This is part two in my seven part series on youth ministry and infrastructure. You can read part one here.

If you’re into super hero movies, you’ve seen superheroes lift cars, trucks and even semi’s. It’s a cool visual, one man or woman holding up this heavy object to save dozens of people from certain death. Some heroes use their natural super strength like Superman and some use their “gift” like Spiderman and his webbing.

What makes heroes so heroic is that some of them attempt to lift something, in our eyes, un-liftable or that puts their powers to the test and puts them under strain. As exciting as that is to watch in the movies, it’s a dumb idea to try in youth ministry.

We are not heroes. No matter what anyone tell you. The hero mentality means you believe you can or should do things by yourself. Youth Ministry is a heavy thing and there should never be an attempt to lift it or carry it alone, no matter how heroic it looks.

The Avengers are for more effective than The Punisher. The X-Men can do more together than Wolverine can do by himself. The reason you have super hero team movies is because the danger is high and requires a team. You wouldn’t want to watch an Avenger movie where all they busted were jay walkers or even bank robber. Any one hero can take care of that. World danger, human extinction, etc. require a team.

The stakes in youth ministry are high. Not world ending high, but eternity high. We’re taking care of students who will grow up to be adults who will have some kind of impact in the world. They’ll make that impact with a world view and that world view will be Christian or not. We have the privilege of being a part of forming that worldview.

I’ve tried to move heavy object before by myself. Nine times out of ten, if I can move it at all, I do so very slowly and usually hurt myself. The same is true in youth ministry. Youth Ministry without a team as part of its infrastructure, and a team can be you and another persons, puts that youth ministry at a disadvantage and in danger of collapsing in on itself.

Let me offer a few reasons you should be building that team and why they’re important to the structure of your youth ministry. A team is more than just a group of people who can help us do games, serve pizza and lead small groups. A team is made up of people, not robots who do tasks, who we need to do life with.

A team to pray with

I can remember sitting around the kitchen table with my leaders and praying for our students and the church. This is when I felt like we were getting the most done.

Youth workers need the community of prayer and corporate reflection. Our souls don’t fair well when we feel like we bear the burden of ministry or life alone. This is why the Apostle Paul said,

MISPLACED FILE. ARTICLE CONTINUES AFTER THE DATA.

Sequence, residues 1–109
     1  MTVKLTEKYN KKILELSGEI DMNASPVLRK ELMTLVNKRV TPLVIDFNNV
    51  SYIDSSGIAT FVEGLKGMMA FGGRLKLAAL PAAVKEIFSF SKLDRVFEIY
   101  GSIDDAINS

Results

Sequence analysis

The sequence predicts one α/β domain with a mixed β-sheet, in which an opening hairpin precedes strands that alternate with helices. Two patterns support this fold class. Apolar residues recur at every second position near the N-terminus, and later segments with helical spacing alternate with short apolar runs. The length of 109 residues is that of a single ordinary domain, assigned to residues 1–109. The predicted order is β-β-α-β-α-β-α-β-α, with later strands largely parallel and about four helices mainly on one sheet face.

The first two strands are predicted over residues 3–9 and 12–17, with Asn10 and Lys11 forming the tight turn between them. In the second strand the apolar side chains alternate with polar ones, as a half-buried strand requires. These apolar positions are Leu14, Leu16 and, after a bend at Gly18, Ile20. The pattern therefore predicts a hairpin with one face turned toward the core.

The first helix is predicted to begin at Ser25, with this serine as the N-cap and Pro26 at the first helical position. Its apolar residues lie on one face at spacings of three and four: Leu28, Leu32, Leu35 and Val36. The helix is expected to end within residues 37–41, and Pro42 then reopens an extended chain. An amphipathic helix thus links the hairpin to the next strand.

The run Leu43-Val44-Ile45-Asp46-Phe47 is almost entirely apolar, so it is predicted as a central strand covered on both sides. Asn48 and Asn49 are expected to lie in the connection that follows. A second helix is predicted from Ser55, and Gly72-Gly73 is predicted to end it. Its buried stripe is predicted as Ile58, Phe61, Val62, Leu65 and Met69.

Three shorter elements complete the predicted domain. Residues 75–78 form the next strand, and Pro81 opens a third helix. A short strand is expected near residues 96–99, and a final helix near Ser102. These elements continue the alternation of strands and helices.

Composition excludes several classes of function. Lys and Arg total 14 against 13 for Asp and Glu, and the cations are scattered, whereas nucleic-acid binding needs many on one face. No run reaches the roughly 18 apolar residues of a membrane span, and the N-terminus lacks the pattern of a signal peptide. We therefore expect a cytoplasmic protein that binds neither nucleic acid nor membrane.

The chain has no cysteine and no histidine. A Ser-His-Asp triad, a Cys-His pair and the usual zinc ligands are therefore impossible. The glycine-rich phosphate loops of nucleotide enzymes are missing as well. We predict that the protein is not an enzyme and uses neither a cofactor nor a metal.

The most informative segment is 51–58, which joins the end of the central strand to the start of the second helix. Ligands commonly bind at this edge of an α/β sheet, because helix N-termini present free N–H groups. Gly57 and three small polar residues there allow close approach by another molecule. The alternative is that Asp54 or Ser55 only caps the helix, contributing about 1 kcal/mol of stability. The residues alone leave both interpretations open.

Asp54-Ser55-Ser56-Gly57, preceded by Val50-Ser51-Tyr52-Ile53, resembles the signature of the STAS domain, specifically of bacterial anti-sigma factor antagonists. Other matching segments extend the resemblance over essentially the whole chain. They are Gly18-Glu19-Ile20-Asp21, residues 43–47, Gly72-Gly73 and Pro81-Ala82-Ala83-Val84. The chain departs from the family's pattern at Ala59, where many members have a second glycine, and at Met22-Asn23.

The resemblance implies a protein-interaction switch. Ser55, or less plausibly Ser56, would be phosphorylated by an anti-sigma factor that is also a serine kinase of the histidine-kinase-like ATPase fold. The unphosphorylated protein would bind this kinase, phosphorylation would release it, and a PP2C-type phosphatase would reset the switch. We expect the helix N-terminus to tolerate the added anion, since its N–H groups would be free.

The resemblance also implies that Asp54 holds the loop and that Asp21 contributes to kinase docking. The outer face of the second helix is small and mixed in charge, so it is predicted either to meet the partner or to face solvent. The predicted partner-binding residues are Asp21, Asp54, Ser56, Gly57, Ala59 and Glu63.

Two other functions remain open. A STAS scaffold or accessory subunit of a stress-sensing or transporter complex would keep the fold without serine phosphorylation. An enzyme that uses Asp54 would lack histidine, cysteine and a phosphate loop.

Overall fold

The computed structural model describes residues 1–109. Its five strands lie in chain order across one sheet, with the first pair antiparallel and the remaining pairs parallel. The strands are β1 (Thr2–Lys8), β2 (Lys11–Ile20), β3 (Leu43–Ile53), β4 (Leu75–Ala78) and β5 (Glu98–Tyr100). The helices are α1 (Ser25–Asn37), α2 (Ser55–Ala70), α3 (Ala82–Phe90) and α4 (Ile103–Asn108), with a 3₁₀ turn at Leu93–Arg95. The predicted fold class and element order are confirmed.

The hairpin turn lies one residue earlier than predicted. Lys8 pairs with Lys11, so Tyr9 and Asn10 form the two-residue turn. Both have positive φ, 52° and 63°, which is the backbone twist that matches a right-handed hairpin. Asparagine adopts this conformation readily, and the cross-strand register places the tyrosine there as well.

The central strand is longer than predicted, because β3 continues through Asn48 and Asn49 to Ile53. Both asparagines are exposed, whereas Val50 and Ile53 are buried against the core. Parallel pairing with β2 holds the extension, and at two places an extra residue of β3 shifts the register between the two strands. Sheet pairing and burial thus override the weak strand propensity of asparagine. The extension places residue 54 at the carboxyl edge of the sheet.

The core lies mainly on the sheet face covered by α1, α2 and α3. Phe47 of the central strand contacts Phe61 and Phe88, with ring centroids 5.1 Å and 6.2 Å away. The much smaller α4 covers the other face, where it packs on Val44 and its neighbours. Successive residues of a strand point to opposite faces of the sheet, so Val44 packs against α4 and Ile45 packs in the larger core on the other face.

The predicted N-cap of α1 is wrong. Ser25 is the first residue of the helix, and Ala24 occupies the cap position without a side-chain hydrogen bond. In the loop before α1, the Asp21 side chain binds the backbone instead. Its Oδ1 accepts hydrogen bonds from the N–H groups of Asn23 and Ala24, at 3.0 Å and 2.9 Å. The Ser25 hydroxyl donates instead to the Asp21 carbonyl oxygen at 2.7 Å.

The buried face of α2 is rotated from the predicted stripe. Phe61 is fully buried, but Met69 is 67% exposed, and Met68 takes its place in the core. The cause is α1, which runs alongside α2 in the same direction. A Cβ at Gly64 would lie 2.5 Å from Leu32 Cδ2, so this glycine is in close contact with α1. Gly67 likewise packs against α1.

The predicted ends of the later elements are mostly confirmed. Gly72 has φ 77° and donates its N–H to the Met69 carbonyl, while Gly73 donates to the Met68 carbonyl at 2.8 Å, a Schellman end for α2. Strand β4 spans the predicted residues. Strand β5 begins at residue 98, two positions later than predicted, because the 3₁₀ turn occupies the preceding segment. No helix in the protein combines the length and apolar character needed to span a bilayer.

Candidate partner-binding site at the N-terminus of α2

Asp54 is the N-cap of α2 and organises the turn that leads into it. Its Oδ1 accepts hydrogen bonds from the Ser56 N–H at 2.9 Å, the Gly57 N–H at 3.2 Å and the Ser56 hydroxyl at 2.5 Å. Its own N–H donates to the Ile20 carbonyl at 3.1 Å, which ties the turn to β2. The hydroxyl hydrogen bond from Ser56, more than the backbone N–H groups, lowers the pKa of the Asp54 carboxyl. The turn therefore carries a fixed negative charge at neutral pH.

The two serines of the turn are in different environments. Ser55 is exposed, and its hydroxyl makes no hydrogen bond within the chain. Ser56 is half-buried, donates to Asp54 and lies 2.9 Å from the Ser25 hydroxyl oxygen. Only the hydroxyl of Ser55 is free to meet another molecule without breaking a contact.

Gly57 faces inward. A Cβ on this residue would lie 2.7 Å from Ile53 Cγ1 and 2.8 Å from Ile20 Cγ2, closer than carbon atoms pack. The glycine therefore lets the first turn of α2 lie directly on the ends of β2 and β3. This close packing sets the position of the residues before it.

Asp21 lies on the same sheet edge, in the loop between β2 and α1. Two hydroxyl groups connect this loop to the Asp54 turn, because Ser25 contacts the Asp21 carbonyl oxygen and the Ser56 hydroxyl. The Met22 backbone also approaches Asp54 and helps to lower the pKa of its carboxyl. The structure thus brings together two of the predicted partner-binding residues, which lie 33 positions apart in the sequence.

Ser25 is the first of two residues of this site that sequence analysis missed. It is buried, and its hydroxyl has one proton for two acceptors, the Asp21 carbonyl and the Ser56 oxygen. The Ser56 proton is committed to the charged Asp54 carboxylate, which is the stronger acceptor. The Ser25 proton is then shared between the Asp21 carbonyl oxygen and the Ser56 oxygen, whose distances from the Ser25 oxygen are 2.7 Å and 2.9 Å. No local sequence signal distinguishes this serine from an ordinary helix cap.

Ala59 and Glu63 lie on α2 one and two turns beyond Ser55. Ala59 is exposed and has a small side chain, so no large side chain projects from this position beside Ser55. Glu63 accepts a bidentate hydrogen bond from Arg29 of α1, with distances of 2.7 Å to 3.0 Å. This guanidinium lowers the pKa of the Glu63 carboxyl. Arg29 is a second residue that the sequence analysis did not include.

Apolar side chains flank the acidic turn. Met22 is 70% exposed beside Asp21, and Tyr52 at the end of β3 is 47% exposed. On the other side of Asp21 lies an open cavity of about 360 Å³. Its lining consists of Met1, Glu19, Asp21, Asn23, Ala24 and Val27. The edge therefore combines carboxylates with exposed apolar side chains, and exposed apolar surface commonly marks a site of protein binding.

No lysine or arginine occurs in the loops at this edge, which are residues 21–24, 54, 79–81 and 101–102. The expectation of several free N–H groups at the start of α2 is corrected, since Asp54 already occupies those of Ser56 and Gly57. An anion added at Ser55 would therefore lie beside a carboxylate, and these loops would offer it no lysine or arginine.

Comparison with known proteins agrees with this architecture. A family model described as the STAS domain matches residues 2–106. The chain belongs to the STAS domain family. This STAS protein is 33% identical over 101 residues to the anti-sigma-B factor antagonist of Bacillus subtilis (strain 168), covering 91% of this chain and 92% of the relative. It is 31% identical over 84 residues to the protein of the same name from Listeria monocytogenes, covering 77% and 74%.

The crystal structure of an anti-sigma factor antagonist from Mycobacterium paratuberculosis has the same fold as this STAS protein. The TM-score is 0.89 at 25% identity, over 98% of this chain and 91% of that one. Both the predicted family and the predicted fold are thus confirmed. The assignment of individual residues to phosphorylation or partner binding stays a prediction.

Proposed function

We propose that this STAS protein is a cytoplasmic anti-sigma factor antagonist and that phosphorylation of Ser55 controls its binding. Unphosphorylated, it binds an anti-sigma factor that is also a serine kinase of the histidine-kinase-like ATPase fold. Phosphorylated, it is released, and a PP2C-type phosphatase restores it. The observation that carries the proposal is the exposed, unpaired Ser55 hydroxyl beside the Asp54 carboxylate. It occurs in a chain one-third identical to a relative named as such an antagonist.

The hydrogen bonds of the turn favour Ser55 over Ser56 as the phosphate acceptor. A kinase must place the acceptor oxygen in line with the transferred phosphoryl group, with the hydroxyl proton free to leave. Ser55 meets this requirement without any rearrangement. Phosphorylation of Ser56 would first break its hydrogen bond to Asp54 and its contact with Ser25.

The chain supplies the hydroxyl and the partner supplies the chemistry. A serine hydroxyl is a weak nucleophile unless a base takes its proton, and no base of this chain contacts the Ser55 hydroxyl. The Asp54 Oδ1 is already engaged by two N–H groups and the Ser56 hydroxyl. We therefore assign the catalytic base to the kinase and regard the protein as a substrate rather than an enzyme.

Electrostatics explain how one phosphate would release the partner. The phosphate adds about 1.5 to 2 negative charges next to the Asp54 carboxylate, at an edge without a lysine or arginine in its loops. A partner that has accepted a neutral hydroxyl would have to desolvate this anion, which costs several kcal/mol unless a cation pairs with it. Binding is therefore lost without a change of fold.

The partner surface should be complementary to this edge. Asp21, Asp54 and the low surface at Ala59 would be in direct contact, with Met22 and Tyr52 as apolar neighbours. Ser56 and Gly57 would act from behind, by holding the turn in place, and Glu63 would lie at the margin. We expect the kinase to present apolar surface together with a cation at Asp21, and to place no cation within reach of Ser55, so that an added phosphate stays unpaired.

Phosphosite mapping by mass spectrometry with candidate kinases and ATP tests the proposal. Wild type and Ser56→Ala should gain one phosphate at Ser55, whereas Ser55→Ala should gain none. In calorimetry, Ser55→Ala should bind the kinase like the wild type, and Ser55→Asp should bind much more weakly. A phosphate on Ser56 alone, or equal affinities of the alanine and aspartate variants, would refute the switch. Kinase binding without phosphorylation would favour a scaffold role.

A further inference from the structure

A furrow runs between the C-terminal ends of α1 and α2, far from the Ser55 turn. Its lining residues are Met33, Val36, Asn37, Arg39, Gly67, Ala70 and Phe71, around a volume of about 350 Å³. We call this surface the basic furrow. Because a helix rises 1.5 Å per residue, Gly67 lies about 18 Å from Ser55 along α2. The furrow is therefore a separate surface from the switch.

Carry each other’s burdens, and in this way you will fulfill the law of Christ. Galatians 6:2

Youth Ministry is not just about roles and mechanisms. I’ve heard it said the the church is not just an organization but an organism. The community of saints is a spiritual ecosystem where we all need each other.

Jesus said, “Without me, you can do nothing”. Not only can we not do anything without Christ at the center, we can’t do anything, significant, without a team we can pray with, trust, dream with and unload our burden’s to.

A team to laugh with

My youth team Christmas parties were some of my favorite times of bonding. There were gag gifts, great food and lots of laughter. These times, as well as may others, were food for my soul. You have to have a team you can laugh with because youth work can be overwhelming.

As a youth worker, I was tempted to see volunteers as drones to make my vision happen rather than people with whom to make friends with.

It’s important to your spiritual health to have a team you can go to lunch with after church, have team meetings with and have over your house for game nights. A healthy, joyful team means a healthy soul for you and a strong pillar for your youth ministry

A team to compliment us

As much as I wanted everyone on my team to be like me (for relational purposes), I was glad I had diversity. I had people on my team who reached kids I never reached, ministers to kids I had nothing in common with and had stories other kids could relate with.

Not only were was my team made up of different personalities, but they had different giftings. They could do things I could not. Some were more organized, more compassionate and more relational. They didn’t have my ego or the need to seem cool or in control. Youth ministry teams need a diversity of personalizes and gifts to remain healthy.

A team to share the burden

Youth work is hard and, at times, it is lonely. There are times where the hero mentality creeps in and you feel like you’re the only one who cares about these students. It’s not true. That is a lie we tell ourselves.

When I would feel like this, I remembered Elijah. He thought he was the only prophet, the only hero, the last one standing until God told him,

“Yet I reserve seven thousand in Israel–all whose knees have not bowed down to Baal and whose mouths have not kissed him.” I Kings 19:18

Not everyone on your team is someone you can confide in, but choose one or two who have your heart and can act like Aaron and Hur who will hold up your arms like they did with Moses. Confess the times you are weak, the times you need prayer and the times you are feeling like you’re not at your best. Let others carry you when you can cannot carry yourself.

Yes, the youth ministry needs an infrastructure of adults and students to perform tasks but, more than that, you need an infrastructure of godly men and women who can support you in difficult times. Choose your team wisely.

Pillar #3 A Supportive Pastor

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